Marisa Abela placed Amy Winehouse in the 'driver's seat' of Back to Black story

Marisa Abela at the Harper's Bazaar International Women's Day event credit:Bang Showbiz
Marisa Abela at the Harper's Bazaar International Women's Day event credit:Bang Showbiz

Marisa Abela is determined to place Amy Winehouse at the centre of the story in 'Back to Black'.

The 28-year-old star is to portray the late singer in the upcoming biopic and wanted to capture Amy's "essence" in the flick as her story has been told by others since her tragic death aged just 27 in 2011.

Speaking at the Harper's Bazaar International Women's Day event in London on Thursday (07.03.24), Marisa said: "What we were interested in doing was bringing audiences back to who she was when she first captured everyone's imaginations, that moment where she really set the world on fire with her album 'Frank'.

"We wanted to get back to that place, who was she, at the centre of her own narrative? I wanted to capture the essence of her soul."

The actress continued: "When we look back on her narrative, we are somehow using other people to inform us on her story. Our film is really trying to take it back to how Amy felt, what Amy was thinking. And there is no judgement there. This is about putting Amy back in the driver's seat of her own story."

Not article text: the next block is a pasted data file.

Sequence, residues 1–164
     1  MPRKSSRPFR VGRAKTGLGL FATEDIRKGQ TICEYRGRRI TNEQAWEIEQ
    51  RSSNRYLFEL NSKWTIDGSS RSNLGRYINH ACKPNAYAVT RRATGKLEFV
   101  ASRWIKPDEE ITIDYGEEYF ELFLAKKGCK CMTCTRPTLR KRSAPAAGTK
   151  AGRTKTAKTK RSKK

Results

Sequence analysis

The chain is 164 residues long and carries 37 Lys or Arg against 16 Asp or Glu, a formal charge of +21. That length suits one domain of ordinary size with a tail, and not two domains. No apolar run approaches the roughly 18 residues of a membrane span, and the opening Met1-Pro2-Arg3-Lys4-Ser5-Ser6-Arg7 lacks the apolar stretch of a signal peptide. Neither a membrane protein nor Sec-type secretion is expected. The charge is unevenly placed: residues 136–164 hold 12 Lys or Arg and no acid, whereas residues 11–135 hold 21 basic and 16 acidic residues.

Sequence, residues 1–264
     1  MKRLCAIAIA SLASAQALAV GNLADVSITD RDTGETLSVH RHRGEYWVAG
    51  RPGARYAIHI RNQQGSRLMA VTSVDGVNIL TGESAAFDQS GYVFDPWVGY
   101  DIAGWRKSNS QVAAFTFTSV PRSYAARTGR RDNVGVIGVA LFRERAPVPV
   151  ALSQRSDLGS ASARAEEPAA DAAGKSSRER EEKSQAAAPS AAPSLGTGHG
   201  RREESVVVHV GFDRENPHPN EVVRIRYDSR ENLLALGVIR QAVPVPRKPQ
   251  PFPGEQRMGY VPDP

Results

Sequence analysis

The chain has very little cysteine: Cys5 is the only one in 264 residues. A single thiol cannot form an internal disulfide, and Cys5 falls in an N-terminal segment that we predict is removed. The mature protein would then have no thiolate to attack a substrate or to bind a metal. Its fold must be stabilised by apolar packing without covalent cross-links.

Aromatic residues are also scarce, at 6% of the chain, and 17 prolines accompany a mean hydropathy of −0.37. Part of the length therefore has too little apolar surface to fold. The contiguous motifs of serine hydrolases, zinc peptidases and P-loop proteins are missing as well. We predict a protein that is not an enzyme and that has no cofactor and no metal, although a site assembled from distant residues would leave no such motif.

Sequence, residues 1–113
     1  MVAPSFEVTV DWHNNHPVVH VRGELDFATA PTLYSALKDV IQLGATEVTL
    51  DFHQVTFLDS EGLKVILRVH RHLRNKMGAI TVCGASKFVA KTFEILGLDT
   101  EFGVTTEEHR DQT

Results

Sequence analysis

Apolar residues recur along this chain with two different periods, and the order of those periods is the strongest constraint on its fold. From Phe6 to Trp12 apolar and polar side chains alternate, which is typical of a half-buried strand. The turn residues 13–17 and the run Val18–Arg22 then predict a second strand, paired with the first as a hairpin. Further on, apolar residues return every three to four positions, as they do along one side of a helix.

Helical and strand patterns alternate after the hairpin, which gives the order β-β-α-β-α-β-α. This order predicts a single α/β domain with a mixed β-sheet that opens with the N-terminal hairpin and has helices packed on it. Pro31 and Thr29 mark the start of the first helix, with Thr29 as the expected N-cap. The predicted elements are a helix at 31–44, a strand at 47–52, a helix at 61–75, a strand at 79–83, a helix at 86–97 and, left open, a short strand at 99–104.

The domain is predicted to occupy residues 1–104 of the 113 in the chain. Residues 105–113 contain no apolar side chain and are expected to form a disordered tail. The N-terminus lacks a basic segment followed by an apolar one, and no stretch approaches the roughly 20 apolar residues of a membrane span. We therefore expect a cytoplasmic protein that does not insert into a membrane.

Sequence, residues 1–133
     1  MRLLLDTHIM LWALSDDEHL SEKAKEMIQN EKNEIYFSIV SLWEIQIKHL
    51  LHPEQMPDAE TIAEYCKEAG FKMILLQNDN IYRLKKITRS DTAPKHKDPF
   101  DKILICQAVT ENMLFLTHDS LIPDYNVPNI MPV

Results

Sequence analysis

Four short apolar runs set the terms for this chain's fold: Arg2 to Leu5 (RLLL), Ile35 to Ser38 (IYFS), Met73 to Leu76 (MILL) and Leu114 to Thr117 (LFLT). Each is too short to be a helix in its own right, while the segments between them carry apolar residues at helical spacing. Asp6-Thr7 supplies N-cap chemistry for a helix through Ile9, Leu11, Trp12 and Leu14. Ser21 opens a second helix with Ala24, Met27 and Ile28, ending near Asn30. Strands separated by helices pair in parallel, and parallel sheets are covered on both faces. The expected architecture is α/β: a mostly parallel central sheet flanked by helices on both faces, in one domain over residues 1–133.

Marisa felt that she had an "obligation" to embody the 'Valerie' singer's physical and mental state in the picture, which is set for release next month.

She said: "When you make a decision to take on board something like this, you have an obligation and a responsibility to go as deep physically and emotionally and mentally as you can.

"I wanted to do that in every way that was open to me. I wanted to explore every avenue possible. Everything that Amy did was Amy's choice so who am I as an actor to decide that we weren't going to include that in the film.

"With singing, it was Amy's everything, it was her whole life so I wanted to really train as hard as I possibly could to get that voice as good as I could."

Marisa added: "Regarding physicality, when you are a different size, you take up a lot less space and that just changes how you interact with the world and how the world interacts with you.

"I think Amy can be defined by a million things, most of all her power and her voice and her legacy, but it's true that she was a victim of a disease which was addiction and an eating disorder – and that changes you physically, and I didn't feel like it was my place as an actor to say that we don't need that part of the story. It's her story."